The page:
Based on the work of Carl Jung, the Myers-Briggs Type Indicator (MBTI) is the psychological profile employed by thousands of professionals worldwide. Now, three Myers-Briggs experts show how individuals can use this revealing profile them to recognize their own work style, enabling them to overcome the obstacles of day-to-day tasks and successfully adjust to the constant changes in the work world.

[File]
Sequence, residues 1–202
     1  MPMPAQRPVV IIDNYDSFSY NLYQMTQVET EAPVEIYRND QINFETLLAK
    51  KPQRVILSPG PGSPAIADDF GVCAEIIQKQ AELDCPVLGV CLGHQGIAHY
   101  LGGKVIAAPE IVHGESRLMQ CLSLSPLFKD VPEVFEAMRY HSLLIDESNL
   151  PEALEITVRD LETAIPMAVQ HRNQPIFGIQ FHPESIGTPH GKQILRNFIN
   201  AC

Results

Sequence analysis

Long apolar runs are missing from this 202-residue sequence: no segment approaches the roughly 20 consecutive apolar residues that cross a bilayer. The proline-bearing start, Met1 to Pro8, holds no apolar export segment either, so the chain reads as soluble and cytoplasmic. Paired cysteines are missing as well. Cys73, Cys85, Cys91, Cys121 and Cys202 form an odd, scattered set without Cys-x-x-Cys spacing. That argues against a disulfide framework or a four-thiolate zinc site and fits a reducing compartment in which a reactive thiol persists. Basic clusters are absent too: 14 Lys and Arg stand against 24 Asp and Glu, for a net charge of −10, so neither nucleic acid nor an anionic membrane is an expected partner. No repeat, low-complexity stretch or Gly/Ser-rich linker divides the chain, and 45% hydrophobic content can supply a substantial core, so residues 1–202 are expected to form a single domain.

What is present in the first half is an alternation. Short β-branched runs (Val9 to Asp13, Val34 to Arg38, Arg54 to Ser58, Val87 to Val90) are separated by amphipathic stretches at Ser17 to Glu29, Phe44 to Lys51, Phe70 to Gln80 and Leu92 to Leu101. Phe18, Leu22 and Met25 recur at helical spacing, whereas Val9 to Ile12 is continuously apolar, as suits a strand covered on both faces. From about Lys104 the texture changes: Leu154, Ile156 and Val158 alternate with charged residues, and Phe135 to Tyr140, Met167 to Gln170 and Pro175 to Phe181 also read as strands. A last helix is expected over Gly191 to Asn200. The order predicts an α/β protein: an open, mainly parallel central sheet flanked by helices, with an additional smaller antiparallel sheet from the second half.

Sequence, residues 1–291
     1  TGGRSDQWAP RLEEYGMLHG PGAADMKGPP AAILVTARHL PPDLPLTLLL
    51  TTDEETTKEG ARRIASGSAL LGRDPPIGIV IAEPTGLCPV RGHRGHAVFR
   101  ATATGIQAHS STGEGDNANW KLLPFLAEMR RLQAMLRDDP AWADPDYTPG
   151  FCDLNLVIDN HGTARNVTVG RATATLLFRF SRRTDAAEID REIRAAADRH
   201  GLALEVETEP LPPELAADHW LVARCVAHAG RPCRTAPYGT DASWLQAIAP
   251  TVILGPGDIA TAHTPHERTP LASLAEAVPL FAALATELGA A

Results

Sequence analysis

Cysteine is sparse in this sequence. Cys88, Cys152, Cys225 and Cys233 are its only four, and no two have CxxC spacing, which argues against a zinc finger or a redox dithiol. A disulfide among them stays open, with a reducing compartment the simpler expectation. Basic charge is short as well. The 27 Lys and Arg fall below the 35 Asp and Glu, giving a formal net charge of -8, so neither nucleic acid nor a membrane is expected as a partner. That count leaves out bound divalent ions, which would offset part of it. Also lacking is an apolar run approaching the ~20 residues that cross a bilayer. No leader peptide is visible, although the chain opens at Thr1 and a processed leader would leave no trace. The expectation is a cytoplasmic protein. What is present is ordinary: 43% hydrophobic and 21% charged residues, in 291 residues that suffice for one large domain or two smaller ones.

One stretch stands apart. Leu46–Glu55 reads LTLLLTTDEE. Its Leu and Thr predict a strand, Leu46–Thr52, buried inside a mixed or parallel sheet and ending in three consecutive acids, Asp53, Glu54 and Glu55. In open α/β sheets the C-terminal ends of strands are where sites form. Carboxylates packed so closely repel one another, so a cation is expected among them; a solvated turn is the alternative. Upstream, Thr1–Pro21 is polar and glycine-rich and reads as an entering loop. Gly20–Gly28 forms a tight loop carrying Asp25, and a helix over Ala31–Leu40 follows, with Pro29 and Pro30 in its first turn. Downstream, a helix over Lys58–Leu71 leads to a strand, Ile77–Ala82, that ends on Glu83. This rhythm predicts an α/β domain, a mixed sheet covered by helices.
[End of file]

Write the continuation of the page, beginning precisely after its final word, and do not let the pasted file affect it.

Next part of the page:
By recognizing that everyone has a unique personality and communication style, employees can adjust their work habits, skills and conversation to be more productive in the office. To understand these various manifestations, this book presents a summary of the 16 personalities identified by the Myers-Briggs Type Indicator, the personality test used by psychologists, career counselors and others. All the types fall into four broader spectra-Extravert /Introvert, Sensing/Intuition, Thinking/Feeling and Judging/Perceiving. To vividly demonstrate the differences among these types and how they interact at work, many examples of office dialogue and situations are included. These sections are the most helpful and enable readers to see exactly how the inevitable clash of personalities is counterproductive. However, unless readers are already familiar with the Myers-Briggs categories, it is difficult to keep track of the many types. Sections list people along with their identifying Myers-Briggs initials-ESTJ, ESFJ, ENFP, etc.-and readers may not remember which characteristics are associated with each personality. The descriptions are included in various sections, but a one-page, main reference would have been helpful. While readers will gain some insights into their own work styles and colleagues' behavior, this book is too daunting for the average reader. (Mar.)